The upside to a shorter holiday season

The upside to a shorter holiday season

by Lisa Smith Molinari
The Meat and Potatoes of Life

Ever since I realized that we have one less week between Thanksgiving and Christmas this year, I’ve been moping around feeling ripped off. We can’t be expected to cram every holiday celebration and tradition into three lousy weeks! There is far too much to do, see, eat, sing, drink and buy before December 25!

In 1789, George Washington declared Nov. 26 a National Day of Thanksgiving, but then in 1863 Abraham Lincoln declared it to be the last Thursday of the month. To complicate things further, Franklin D. Roosevelt signed a bill in 1941 placing Thanksgiving on the fourth Thursday. The aftermath of this waffling is that, when Thanksgiving falls on November 28th like it did this year, we get cheated out of a week of holiday celebrating. Obviously, these men’s wives had no say in the matter, because this most unfortunate Gregorian anomaly has clearly ruined the 2019 holiday season.

However, being that I’m a nog-is-half-full kind of gal, I wonder if a pivot in attitude might turn this bamboozle into a bailout? Have we been swindled, or have we been saved? Is losing a week actually a win?

Clearly, there are definite cons to a shortened holiday. After exhausting ourselves by lugging boxes of decorations out of the attic, garage and basement and spending countless hours bedazzling the house, the yard and the tree — who wants to turn around and have to put it all back a few short weeks later? However, having the Christmas tree up for one less week might actually be a good thing. Think about it — one less week of having to crawl under the tree to check the scummy, stagnant cesspool in the stand’s reservoir. Less opportunity for the cat to upchuck ingested tinsel. Less time for the tree to die, dry up and drop its needles on the carpet. Less chance the whole shebang will catch fire and burn the entire house down.

See how a little attitude adjustment can work in one’s favor?

Sure, it really stinks to be short-changed a whole week’s worth of the Christmas music you love. But your ears will thank you for sparing them a few broadcasts of the Chimpmunks’ gratingly nasal rendition of “Christmas Don’t Be Late.” You won’t have to worry as much about getting Jose Feliciano’s “Feliz Navidad” stuck on an unending loop in your head. And there is less chance that your rage disorder will be triggered when you hear the sound of Harry Connick Jr.’s voice for the umpteenth time.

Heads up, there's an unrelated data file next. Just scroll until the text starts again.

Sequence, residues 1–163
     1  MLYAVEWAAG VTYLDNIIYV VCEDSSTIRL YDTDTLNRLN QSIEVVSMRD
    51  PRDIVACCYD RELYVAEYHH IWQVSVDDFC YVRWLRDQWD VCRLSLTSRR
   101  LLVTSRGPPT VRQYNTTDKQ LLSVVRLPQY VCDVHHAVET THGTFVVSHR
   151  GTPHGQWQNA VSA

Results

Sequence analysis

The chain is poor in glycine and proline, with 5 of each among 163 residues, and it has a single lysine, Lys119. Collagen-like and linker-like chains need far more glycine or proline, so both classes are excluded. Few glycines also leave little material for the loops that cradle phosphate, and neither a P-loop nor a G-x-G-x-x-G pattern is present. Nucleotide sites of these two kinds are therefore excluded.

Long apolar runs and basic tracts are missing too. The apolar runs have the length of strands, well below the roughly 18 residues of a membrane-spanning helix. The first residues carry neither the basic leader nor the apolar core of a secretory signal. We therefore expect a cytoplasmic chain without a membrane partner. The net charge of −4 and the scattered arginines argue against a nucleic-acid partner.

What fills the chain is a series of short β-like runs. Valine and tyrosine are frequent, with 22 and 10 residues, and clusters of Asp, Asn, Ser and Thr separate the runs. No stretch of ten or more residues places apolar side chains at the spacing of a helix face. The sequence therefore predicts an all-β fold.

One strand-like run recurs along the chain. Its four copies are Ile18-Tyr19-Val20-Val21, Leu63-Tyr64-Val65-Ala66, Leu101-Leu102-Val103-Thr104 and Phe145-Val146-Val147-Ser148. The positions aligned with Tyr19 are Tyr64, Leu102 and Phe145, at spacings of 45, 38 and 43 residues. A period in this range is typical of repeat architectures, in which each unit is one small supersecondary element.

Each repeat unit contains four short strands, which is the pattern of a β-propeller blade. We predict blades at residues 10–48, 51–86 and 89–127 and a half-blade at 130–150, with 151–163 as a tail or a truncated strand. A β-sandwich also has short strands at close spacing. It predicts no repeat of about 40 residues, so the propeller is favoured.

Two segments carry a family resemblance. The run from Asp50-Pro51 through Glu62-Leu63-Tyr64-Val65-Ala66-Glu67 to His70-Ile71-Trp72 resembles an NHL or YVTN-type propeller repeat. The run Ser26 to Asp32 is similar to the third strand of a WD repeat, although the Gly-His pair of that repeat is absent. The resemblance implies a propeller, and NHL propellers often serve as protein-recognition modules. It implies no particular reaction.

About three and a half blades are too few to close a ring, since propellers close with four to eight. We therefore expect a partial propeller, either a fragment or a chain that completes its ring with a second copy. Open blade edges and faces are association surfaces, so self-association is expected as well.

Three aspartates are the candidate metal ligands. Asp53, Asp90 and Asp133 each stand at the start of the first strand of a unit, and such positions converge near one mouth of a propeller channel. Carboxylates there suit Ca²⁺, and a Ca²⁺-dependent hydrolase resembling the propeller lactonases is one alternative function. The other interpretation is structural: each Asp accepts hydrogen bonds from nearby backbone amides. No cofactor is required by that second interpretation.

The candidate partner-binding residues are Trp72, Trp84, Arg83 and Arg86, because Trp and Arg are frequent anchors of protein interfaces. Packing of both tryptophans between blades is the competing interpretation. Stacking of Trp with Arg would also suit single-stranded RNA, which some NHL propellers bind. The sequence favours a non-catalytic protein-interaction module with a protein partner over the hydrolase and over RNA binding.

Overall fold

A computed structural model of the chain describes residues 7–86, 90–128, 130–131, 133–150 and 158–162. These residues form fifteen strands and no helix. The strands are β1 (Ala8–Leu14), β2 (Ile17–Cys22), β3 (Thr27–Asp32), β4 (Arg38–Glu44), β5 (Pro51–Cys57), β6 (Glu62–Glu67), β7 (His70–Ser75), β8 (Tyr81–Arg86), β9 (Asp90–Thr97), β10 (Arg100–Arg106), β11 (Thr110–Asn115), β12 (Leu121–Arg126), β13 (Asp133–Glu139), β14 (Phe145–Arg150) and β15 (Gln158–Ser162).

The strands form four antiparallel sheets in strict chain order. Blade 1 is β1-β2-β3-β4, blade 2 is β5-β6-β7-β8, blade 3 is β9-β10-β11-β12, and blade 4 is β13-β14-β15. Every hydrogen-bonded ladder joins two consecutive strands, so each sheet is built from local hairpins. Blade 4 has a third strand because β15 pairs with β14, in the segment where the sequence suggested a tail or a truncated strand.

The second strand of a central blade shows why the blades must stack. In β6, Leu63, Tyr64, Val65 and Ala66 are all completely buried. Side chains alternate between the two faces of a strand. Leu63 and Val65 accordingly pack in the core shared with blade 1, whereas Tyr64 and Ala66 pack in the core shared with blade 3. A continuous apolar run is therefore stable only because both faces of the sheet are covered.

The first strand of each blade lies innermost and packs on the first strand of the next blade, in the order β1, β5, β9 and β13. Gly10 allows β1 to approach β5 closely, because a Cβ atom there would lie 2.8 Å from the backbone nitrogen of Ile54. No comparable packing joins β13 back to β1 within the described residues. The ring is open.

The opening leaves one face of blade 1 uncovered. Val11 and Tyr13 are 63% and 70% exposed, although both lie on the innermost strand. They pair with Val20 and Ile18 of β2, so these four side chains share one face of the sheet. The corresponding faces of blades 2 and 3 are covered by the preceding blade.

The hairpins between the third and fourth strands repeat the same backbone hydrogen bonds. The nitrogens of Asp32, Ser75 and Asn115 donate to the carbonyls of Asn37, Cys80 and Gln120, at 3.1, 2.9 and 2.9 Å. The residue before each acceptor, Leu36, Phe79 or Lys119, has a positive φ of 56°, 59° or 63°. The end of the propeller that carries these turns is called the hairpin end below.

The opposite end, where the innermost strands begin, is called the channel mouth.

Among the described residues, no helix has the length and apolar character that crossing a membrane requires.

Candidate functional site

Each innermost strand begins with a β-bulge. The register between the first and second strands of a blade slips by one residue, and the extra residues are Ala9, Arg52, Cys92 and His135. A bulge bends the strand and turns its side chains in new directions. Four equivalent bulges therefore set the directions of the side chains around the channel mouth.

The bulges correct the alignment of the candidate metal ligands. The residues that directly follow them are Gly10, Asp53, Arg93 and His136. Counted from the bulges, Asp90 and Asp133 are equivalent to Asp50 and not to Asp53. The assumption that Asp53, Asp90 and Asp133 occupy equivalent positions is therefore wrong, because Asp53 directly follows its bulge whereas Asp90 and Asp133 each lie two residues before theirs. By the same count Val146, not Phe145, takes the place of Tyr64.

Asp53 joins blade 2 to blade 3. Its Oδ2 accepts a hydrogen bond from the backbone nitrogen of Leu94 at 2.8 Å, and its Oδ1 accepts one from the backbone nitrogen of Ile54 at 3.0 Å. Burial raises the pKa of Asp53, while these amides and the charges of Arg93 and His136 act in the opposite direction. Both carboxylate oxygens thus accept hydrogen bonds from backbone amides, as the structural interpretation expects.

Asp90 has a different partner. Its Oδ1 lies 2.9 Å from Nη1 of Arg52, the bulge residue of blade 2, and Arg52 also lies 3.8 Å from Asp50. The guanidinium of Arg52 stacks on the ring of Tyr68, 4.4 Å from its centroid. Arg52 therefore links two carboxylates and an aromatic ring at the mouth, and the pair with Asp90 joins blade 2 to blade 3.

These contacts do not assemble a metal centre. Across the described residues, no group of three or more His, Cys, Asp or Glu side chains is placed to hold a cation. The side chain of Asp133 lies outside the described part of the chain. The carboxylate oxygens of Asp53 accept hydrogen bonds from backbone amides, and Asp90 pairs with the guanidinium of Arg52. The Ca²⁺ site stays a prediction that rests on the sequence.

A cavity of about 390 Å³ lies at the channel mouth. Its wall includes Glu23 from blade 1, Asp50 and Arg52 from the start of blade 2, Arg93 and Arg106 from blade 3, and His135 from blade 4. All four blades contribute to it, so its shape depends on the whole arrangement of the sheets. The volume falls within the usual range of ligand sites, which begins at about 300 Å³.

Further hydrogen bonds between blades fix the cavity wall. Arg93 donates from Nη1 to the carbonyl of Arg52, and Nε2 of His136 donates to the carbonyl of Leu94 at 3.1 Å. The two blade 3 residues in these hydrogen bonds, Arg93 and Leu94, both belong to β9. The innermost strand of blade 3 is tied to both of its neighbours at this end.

Of course, everyone wants a full month to savor the traditional holiday foods that we get only once a year — the cookies, the latkes, the prime rib, the cheese balls, the candy canes, the cocktails, the shrimp platters, the Swedish meatballs and the red and green peanut M&Ms! But let’s face it, a shorter holiday season means a 25 percent reduction in calories, which translates into fewer pounds gained, and less time on the treadmill resolving to sweat it off after New Year’s. Yay!

Of course, a holiday season bilked of shopping days could ratchet up the gift-buying stress to panic levels. But shoppers like me who end up buying things for themselves — new boots, makeup, handbags, sweaters — while looking for gifts for others could use a healthy dose of anxiety to keep them focused on the task at hand.

And finally, it sucks that we’re getting gypped out of six day’s worth of festive gatherings, traditional celebrations and holiday parties. Think of all the Secret Santa presents, cookie swaps, command events and cocktail soirees we will miss! However, less time partying means less time wearing Spanx, less idle chitchat, less opportunity to dribble chocolate fondue down your shirt and less chance of regretting the inappropriate biker chick joke you told your boss.

Behold the power of positive thinking!

Oh, and by the way, due to circumstances beyond my control, my Christmas cards will be late this year. (I’m liking this abbreviated holiday season more and more.)

Read more of Lisa Smith Molinari’s columns at:

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